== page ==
Emergency Contraception (aka the morning-after pill) is now available over the counter with no appointment necessary and it's the cheapest in town @ only $35!
Emergency Contraception can stop a pregnancy before it starts. (That means it's not the abortion pill.) It works up to five days, or 120 hours, after unprotected sex, but take it sooner rather than later to reduce the possibility of getting pregnant.
There are types of Emergency Contraception:
Ella - The newest form of EC in the U.S. is a one-pill formula available by prescription only. Ella blocks the hormones your body needs to conceive. Completely effective for 5 days after unprotected sex.
Plan B/Next Choice - Plan B/Next Choice works like birth control pills, but at a much higher dose and taken temporarily. Works up to 5 days after unprotected sex, but the sooner you take it - the better it works.
Plan B/Next Choice is a two-pill formula where you take one right away and the second within 12 hours. The newer version, called Plan B-One Step, is a bit more expensive (but it's just one pill).
IUD (Intrauterine Device) -
This is the most effective EC there is. At Planned Parenthood, we'll insert it within 5 days of the unprotected sex and lower your chance of pregnancy by 99.9%.
Questions? Call 1.800.230.PLAN for more information.
When do I need emergency contraception?
1. swept up in the moment
Maybe it was because of alcohol. Maybe you thought you could go without birth control just this once. Maybe you didn't think at all. No matter the reason, if you didn't use any protection during sex and now wish you had, EC might be right for you- as long as it's been fewer than 5 days since you had that unprotected encounter.
2. had a "oops" moment with my contraception
If the condom broke, or you forgot to take your pill, insert your ring, apply your patch, or if your diaphragm slipped - anything like that - you may want to take EC.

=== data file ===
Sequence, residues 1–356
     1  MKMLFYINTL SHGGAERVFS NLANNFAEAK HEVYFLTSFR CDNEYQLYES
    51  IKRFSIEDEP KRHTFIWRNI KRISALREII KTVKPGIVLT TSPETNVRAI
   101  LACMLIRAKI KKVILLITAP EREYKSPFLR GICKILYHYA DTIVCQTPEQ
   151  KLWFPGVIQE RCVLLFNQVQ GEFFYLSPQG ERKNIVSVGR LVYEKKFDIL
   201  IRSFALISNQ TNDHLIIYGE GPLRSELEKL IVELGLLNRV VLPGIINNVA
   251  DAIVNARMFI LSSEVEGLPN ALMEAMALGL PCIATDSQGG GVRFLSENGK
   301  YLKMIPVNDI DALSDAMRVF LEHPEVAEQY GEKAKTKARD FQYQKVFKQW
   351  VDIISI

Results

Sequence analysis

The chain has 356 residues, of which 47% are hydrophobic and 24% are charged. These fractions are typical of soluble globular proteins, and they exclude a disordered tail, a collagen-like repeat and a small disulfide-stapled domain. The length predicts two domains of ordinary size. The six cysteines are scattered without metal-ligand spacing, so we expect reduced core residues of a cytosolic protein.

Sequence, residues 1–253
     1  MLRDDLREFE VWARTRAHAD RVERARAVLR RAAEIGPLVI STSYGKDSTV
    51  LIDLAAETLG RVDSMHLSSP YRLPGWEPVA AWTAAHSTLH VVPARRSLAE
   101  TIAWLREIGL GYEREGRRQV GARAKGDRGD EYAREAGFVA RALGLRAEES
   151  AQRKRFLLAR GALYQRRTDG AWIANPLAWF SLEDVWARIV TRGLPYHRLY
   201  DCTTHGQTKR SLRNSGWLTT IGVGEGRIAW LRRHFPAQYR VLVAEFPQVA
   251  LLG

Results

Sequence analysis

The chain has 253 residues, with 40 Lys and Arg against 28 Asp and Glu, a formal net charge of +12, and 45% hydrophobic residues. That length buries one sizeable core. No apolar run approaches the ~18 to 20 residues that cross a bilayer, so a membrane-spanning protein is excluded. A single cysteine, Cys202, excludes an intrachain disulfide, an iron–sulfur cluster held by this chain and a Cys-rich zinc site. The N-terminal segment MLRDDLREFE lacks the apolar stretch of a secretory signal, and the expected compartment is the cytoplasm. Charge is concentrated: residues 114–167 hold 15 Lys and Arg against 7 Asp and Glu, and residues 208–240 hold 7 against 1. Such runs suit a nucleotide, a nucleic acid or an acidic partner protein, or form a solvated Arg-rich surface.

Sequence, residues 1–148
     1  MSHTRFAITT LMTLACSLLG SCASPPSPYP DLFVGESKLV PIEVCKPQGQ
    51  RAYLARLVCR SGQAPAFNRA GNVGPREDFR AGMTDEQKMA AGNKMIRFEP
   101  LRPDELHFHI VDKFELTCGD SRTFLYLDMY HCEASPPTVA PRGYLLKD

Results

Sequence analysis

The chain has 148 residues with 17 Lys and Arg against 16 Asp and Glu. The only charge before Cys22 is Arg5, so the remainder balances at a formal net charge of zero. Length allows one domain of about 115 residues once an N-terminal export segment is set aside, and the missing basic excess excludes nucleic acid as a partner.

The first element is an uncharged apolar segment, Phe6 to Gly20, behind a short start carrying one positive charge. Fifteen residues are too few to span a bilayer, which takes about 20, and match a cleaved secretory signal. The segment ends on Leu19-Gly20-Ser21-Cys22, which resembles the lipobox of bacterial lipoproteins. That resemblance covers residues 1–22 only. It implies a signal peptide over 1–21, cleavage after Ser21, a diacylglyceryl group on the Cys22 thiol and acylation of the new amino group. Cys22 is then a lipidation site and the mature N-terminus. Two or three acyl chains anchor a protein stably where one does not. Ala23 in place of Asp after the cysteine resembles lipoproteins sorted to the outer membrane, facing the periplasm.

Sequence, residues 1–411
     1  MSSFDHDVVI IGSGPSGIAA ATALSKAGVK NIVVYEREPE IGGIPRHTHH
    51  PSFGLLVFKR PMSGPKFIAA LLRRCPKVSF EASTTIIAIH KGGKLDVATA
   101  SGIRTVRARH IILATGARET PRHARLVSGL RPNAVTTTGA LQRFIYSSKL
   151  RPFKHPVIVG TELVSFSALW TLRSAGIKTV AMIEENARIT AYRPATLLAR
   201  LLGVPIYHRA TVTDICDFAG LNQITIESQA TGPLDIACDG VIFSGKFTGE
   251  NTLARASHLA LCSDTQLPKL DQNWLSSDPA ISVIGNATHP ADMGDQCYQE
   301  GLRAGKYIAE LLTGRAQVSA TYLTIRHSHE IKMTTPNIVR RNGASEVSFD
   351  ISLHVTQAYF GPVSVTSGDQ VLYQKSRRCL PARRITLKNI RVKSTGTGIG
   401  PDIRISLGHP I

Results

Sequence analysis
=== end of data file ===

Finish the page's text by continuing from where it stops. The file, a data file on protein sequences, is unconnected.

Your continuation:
3. withdrawal gone wrong - he didn't pull out in time)
If he didn't pull out in time, that's another reason for EC.
4. scary situations
If you've been sexually assaulted or you had sex with someone who refused to use another form of contraception, consider Emergency Contraception.
Keep some on hand just in case
The sooner you take EC, the more effective it is. It's not a bad idea to keep a box on hand, just in case you need it. EC has a shelf life of up to 3 years.
How much does emergency contraception cost?
EC costs $35**
We accept cash, checks, credit and debit.
**For patients under the age of 17 purchasing the ELLA method only, there is an additional $10 copay for the office visit (so you'll need to call for an appointment).
Where can I get it?
Head into any Planned Parenthood location - just remember to bring a valid state ID when coming to purchase EC.
Find the health center nearest you or call 1.800.230.PLAN for more information.
What are the side effects of Emergency Contraception?
Positive Side Effects:
Positive "side effects?" Sure! There are actually a lot of things about emergency contraception that are good for your body as well as your sex life.
- Offers protection and peace of mind after a "whoops" moment
- It's safe to use. Women have been using it for 30 years
- Some emergency contraception options don't have the same potential negative side effects as the pill, because you don't take it continuously
- Even women who can't usually use hormonal methods for medical reasons can use EC once in a while
Negative Side Effects
Everyone worries about negative side effects, but for many women, they're not a problem. However, if you do experience side effects with EC, they'll probably go away after 24 hours.
- Can cause an upset stomach and vomiting
- Could cause breast tenderness, irregular bleeding, dizziness, and headaches
- Frequent use can lead to irregular periods.